and address non-compliances.TMMi Level 2 • Contingency planning Test Monitoring and Control GP 2. Elaboration Examples of work products placed under configuration management include the following: • Test schedule with status • • Test measurement data and analysis Test reports GP 2. and procedures.7 Identify and Involve Relevant Stakeholders Identify and involve relevant stakeholders of the test monitoring and control process as planned.9 Objectively Evaluate Adherence Objectively evaluate adherence of the test monitoring and control process against its process description. Elaboration Examples of activities for stakeholder involvement include the following: • Assessing the testing performance against the test plan • • • • Reviewing commitments and resolving issues Reviewing product and test project risks Reviewing test data management activities Reviewing test progress and product quality • Managing corrective actions to closure Note that this generic practice only covers the involvement of relevant stakeholders in test monitoring and controlling. Elaboration Examples of review and/or audit evaluation adherence topics include the following: • The monitoring of test progress against the test plan • • • • • Managing corrective actions to closure The performance of test project risk management Compliance to standards (procedures and templates) Test and quality reports Review results ©2009 TMMi Foundation. Version 2.0 Page 48 of 141 .6 Manage Configurations Place designated work products of the test monitoring and control process under appropriate levels of configuration control. standards. Elaboration Examples of measures used in monitoring and control the test monitoring and control process include the following: • Number of open and closed corrective actions • Number of types of peer reviews performed • Review schedule (planned versus actual and slipped target dates) Note that this generic practice only covers the monitoring and controlling of test monitoring and control activities. GP 2.8 Monitor and Control the Process Monitor and Control the test monitoring and control process against the plan for performing the process and take appropriate actions. GP 2.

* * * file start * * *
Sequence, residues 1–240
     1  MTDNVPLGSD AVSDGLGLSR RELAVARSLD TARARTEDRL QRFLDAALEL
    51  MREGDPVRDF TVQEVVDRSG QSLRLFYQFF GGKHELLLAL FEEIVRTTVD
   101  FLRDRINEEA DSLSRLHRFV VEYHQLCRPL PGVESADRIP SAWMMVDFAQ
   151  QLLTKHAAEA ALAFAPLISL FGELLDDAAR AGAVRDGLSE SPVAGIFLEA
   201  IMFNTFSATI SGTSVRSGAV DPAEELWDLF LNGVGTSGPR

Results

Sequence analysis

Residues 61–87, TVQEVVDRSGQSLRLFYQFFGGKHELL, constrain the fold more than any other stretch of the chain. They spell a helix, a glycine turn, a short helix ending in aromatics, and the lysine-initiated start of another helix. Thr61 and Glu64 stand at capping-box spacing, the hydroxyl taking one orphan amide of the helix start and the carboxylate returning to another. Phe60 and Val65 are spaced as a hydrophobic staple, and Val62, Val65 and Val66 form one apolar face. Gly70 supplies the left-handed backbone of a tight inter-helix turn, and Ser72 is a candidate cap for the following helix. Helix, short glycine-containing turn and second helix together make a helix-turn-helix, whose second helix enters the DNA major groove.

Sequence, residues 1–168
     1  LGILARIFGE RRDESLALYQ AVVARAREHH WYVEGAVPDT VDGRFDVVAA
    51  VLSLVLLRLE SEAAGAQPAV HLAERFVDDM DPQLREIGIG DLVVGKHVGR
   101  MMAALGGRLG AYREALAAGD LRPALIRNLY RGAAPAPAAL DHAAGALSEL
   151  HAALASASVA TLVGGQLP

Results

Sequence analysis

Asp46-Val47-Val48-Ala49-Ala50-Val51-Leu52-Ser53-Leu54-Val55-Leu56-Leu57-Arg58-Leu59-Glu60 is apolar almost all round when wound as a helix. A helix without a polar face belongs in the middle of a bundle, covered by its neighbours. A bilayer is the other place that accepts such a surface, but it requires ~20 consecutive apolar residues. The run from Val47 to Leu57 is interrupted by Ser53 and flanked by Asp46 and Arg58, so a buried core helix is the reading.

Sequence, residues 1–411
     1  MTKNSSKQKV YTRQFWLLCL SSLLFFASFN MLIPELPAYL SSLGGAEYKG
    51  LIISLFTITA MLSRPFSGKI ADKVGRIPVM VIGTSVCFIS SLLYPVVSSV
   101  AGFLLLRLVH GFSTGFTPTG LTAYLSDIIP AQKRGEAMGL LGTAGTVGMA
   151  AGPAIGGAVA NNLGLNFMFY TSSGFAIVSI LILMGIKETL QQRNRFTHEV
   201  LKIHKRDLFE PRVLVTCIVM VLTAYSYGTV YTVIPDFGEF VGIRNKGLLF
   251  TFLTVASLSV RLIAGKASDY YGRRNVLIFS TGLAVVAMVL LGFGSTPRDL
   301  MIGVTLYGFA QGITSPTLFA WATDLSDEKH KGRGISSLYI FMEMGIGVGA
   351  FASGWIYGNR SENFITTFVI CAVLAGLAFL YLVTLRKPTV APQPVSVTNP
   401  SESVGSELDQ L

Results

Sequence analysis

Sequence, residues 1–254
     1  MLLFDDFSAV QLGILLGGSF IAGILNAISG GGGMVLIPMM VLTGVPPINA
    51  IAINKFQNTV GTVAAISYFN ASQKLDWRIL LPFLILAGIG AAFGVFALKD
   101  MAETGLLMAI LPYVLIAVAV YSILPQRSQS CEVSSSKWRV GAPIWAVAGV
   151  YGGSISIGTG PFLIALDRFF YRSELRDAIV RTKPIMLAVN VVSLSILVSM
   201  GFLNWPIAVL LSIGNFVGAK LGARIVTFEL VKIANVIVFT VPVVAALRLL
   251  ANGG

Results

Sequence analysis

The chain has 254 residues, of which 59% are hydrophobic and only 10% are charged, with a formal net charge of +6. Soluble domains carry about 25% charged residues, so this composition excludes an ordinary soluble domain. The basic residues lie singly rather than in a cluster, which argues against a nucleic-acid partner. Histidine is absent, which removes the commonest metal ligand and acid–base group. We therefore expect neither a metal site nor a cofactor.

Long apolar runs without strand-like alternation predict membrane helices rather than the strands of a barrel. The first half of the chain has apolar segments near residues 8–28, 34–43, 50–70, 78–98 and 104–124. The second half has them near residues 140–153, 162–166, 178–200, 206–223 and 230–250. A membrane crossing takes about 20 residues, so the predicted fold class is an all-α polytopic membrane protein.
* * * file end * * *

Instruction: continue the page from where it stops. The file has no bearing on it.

1 GP 3. Version 2. measures. GG 3 GP 3.10 Review status with Higher Level Management Review the activities.0 Page 49 of 141 .2 Institutionalize a Defined Process Only applicable at TMMi level 3 Establish a defined process Establish and maintain a description of a defined test monitoring and control process Collect improvement information Collect work products. measurement results.TMMi Level 2 Test Monitoring and Control GP 2. status and results of the test monitoring and control process with higher level management and resolve issues. and improvement information derived from planning and performing the test monitoring and control process to support the future use and improvement of the organization’s processes and process assets. Examples of measures include the following: • Percentage of projects using the test reporting template • • Percentage of test milestones passed by means of a formally review Percentage of corrective actions closed within X days ©2009 TMMi Foundation.